In 2004 Maitland Show went a long way to re-establishing itself as the premier regional show in New South Wales with three day attendances exceeding 55,000 people. This outcome was achieved as a result of a joint venture between the Showmen’s Guild of Australasia and the Show Association providing for a free gate, family orientated special attractions and community participation. The Maitland Showground has become the permanent home for the Showmen’s Guild inaugural Super Show held at Speers Point. Over the last five years, Maitland has entertained over 500,000 people at the annual Show. Since the commencement of the Super Show we have been able to maintain the balance between the Showmen’s Side Show Alley/Amusement Park and a true Agricultural Society Show. It is this second aspect, namely revitalizing the agricultural and community links of the Show, which we believe, will see its future secure, building on over 150 years plus of past performance.
The Hunter River is one of the oldest settled regions of New South Wales. The area was opened up after the discovery in 1820 of an overland route from the Hawkesbury by John Howe, a leading Windsor resident. The first settlers in Maitland were emancipated convicts from the infamous Newcastle settlement for second offenders. An early settler was Molly Morgan. (1760-1835) a twice transported convict, once in 1794 and again in 1804. She was sentenced to a term at Newcastle for stealing a cow and four years later Commander Wallis allowed her to settle on Wallis Plains (Later known as Maitland).
In 1824 a man by the name of John Danger (Assistant Government Surveyor) granted Molly Morgan 159 acres in the centre of present Maitland from the river to Maitland Park. She was an identity in the town, dealing in land, helping her neighbours, donating money for a school and building an inn.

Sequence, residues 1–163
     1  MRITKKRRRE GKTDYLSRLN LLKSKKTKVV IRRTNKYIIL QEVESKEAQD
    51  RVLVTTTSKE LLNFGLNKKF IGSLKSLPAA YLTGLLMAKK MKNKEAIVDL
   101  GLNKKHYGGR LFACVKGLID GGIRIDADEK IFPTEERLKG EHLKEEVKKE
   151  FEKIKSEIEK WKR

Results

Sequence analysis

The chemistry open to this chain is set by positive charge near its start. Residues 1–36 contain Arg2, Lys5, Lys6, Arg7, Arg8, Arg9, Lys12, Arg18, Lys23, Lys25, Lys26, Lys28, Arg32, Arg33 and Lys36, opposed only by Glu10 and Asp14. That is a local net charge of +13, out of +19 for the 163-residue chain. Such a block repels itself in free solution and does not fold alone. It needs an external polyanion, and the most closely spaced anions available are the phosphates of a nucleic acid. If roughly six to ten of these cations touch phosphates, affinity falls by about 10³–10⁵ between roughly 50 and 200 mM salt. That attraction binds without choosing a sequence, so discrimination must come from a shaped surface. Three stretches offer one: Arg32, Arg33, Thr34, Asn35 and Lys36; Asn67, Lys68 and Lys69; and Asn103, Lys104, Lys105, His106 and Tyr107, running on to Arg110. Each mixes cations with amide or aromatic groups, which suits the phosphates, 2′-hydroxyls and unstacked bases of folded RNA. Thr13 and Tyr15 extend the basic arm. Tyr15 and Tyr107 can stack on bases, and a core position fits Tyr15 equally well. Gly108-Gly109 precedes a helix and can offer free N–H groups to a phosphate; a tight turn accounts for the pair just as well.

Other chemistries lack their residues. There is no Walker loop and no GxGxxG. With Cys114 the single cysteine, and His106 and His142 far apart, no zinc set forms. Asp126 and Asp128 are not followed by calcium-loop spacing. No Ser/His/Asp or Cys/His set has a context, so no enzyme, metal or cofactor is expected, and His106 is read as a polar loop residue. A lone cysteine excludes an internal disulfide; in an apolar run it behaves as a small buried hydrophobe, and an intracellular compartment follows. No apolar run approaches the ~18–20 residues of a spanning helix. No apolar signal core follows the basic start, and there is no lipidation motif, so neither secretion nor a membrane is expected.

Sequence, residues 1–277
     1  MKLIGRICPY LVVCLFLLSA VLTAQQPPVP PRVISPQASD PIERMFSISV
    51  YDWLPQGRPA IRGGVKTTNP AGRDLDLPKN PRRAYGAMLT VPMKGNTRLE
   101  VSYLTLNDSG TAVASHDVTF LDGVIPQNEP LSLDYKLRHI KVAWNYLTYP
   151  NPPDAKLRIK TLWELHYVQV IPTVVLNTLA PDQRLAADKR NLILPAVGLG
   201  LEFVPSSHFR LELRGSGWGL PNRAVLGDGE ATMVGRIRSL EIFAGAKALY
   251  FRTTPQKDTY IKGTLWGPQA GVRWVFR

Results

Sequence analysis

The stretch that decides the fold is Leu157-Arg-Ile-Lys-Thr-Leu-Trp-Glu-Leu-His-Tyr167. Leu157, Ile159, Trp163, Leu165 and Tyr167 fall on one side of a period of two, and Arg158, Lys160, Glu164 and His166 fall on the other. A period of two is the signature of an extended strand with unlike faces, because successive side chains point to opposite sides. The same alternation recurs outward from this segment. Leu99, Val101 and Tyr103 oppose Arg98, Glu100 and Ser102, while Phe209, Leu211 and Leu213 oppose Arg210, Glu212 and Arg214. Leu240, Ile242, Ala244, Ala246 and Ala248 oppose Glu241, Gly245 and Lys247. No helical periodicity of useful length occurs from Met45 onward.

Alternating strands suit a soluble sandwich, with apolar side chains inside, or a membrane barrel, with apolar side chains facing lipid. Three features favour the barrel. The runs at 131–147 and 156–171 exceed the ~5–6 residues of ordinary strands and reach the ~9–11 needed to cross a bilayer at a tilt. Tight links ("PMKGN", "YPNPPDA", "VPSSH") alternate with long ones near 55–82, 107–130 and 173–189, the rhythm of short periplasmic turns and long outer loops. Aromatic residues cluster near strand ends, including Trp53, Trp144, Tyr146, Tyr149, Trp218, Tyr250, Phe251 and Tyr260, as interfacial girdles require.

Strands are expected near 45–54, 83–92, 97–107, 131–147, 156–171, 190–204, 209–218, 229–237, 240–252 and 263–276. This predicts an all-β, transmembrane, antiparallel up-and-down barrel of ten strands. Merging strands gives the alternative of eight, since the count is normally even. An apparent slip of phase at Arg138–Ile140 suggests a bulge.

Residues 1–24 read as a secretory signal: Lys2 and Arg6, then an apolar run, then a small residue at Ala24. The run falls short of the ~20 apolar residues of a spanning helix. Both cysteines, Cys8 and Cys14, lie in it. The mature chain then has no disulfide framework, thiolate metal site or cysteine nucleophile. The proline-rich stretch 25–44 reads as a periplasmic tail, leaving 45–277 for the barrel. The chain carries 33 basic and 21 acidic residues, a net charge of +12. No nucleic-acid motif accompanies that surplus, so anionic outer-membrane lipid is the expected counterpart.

In 1828 Government Surveyor Mitchell with Governor Darling and the Governor’s brother in-law Will Dumaresq, laid down planning principles for the surveying of new townships – allotments were to be standardised at 1/2 acre blocks and streets laid out in a rectangular grid pattern. Main streets to be 120ft (36.6m) wide and cross streets 84ft (26.6m). The first plan submitted on these guidelines was for East Maitland when Assistant Surveyor George Boyle White made preliminary surveys on flood free land.
Allotments were advertised for sale in 1833 but the town was never built as intended as the settlers preferred Molly Morgan’s settlement on the open flood plain.
The area attracted men who had already made their mark in the Parramatta and Hawkesbury regions as well as newly arrived migrants. It was dominated by wealthy free settlers who were often of military background and who shared a conservative political outlook. Most owned large grants of land and engaged in pastoralism. The region was socially homogeneous and possessed a community spirit that was more marked than elsewhere. There was also a long-standing interest in promoting better farming.
This was evident as early as 1822 when the Agricultural Society of NSW made special provision for representation to be given to the Hunter Region. Maitland grew to be the major centre in the region, larger than Newcastle, and one of the largest settlements in NSW during the middle of the 19th Century. It continues as a regional centre for administration, cultural activities and several religious denominations.
Emergence of the Agricultural Association:
In 1827 a Farmers’ Club was instituted at the Hunter River with J P Webber, a local settler as president. Among its objectives were the promotion of cotton, tobacco, viticulture and the production of beer and cider. It does not appear to have survived long and it was not until the 1840s that any attempt was made to replace it.